A. Nasehi and
J. B. Kadir, Department of Plant Protection, Faculty of Agriculture, Universiti Putra Malaysia, 43400 UPM Serdang, Selangor Darul Ehsan, Malaysia;
M. Nasr Esfahani, Agricultural and Natural Resources Research Center, Isfahan, Iran; and
F. Abed Ashtiani, and
N. Soleimani, Department of Plant Protection, Faculty of Agriculture, Universiti Putra Malaysia, 43400 UPM Serdang, Selangor Darul Ehsan, Malaysia
In June 2011, lettuce (Lactuca sativa) plants cultivated in major lettuce growing areas in Malaysia, including the Pahang and Johor states, had extensive leaf spots. In severe cases, disease incidence was recorded more than 80%. Symptoms on 50 observed plants initially were as water soaked spots (1 to 2 mm in diameter) on leaves, and then became circular spots spreading over much of the leaves. In this research, main lettuce growing areas infected by the pathogen in the mentioned states were investigated and the pathogen was isolated onto potato dextrose agar (PDA). Colonies observed were greyish green to light brown. Single conidia were formed at the terminal end of conidiophores that were 28.8 to 40.8 μm long and 11.0 to 19.2 μm wide, and 2 to 7 transverse and 1 to 4 longitudinal septa. To produce conidia, the fungus was grown on potato carrot agar (PCA) and V8 juice agar media under 8-h/16-h light/dark photoperiod. Fourteen isolates were identified Stemphylium solani based on morphological criteria described by Kim et al. (1). To confirm morphological characterization, DNA of the fungus was extracted from mycelium and PCR was done using universal primers ITS5 (5′-GGAAGTAAAAGTCGTAACAAGG-3′) and ITS4 (5′-TCCTCCGCTTATTGATATGC-3′), which amplified the internal transcribed spacer (ITS) region of rDNA (2). The sequencing result was subjected to BLAST analysis which was 99% identical to the other published sequences in the GenBank database (GenBank Accession Nos. AF203451 and HQ840713). The nucleotide sequence was deposited in GenBank under Accession No. JQ736022. Pathogenicity testing of representative isolate was done using 20 μl of conidial suspension with a concentration of 1 × 105/ml in droplets (three drops on each leaf) on four detached 45-day-old lettuce leaves cv. BBS012 (3). Fully expended leaves were placed on moist filter paper in petri dishes and were incubated in humid chambers at 25°C. The leaves inoculated with sterile water served as control. After 7 days, disease symptoms were observed, which were similar to those symptoms collected in infected fields and the fungus was reisolated and confirmed as S. solani based on morphological criteria (1) and molecular characterization (2). Control leaves remained healthy. Pathogenicity testing was completed twice. To our knowledge, this is the first report of S. solani on lettuce in Malaysia and it may become a serious problem because of its broad host range, variability in pathogenic isolates, and prolonged active phase of the disease cycle. Previous research has shown that S. solani is a causal agent of gray leaf spot on lettuce in China (4).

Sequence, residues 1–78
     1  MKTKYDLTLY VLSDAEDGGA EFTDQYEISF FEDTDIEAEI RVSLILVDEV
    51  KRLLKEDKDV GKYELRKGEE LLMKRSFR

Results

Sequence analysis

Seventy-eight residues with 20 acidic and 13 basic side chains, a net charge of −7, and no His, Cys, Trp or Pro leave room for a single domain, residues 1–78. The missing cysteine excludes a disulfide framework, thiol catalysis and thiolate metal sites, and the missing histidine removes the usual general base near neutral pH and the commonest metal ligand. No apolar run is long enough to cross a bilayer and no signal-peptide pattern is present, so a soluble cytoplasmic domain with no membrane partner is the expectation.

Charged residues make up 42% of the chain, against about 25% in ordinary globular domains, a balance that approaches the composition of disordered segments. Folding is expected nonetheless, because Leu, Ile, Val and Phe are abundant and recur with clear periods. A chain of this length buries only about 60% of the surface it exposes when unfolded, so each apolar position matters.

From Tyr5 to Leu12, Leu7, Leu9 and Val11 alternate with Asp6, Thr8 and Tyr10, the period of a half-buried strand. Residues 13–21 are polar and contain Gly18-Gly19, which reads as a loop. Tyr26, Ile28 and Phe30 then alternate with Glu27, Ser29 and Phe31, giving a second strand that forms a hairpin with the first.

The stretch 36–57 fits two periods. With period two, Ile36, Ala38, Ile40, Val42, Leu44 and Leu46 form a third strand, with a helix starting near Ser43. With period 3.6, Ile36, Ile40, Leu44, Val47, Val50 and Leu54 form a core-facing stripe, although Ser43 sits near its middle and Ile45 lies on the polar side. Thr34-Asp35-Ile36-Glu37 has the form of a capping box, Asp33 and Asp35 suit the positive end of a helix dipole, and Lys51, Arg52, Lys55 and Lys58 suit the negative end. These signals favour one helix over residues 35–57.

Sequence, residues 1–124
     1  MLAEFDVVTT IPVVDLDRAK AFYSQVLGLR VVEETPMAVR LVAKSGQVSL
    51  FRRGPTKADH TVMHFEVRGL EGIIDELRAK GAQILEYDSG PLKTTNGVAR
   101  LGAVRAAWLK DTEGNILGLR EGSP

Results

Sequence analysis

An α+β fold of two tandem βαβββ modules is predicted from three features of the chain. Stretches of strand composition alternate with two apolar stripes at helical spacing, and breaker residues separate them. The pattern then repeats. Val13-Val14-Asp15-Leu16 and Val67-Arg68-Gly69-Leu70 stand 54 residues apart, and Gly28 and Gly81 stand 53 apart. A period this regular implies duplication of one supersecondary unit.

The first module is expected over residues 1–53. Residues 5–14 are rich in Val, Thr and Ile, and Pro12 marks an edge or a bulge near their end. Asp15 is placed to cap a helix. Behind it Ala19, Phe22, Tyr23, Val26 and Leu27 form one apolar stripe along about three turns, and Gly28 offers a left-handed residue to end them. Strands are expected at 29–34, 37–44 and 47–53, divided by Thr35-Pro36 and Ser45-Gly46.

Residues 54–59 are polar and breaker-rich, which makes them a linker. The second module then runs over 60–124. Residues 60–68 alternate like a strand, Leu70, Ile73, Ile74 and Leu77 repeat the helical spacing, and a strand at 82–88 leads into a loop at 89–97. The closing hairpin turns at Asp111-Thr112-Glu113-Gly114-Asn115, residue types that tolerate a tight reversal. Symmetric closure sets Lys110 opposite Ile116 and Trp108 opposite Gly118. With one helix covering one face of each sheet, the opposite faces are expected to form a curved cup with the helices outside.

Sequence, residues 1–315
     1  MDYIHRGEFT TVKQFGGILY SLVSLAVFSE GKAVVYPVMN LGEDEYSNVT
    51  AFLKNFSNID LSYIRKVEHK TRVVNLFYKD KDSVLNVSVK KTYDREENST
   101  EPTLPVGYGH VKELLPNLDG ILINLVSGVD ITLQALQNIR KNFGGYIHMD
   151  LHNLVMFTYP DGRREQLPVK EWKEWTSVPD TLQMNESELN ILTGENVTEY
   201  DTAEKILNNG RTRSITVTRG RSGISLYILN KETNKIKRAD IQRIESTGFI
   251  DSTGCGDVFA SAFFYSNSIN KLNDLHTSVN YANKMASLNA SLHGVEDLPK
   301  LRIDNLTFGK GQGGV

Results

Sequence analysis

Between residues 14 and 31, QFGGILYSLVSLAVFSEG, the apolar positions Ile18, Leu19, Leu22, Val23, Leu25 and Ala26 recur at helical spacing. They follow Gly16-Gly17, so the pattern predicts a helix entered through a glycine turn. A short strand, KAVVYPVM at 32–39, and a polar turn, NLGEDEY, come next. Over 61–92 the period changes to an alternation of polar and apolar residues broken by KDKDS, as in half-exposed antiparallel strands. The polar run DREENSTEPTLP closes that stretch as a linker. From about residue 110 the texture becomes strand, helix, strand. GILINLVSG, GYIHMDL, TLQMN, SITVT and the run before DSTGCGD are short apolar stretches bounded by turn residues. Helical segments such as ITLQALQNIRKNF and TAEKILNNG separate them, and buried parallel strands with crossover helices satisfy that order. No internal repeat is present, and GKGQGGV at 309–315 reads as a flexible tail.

References: (1) B. S. Kim et al. Plant Pathol. J. 20:85, 2004. (2) Y. R. Mehta et al. Current Microbiol. 44:323, 2002. (3) B. M. Pryor and T. J. Michailides. Phytopathology 92:406, 2002. (4) F. L. Tai. Sylloge Fungorum Sinicorum, Sci. Press, Acad. Sin., Peking, 1979.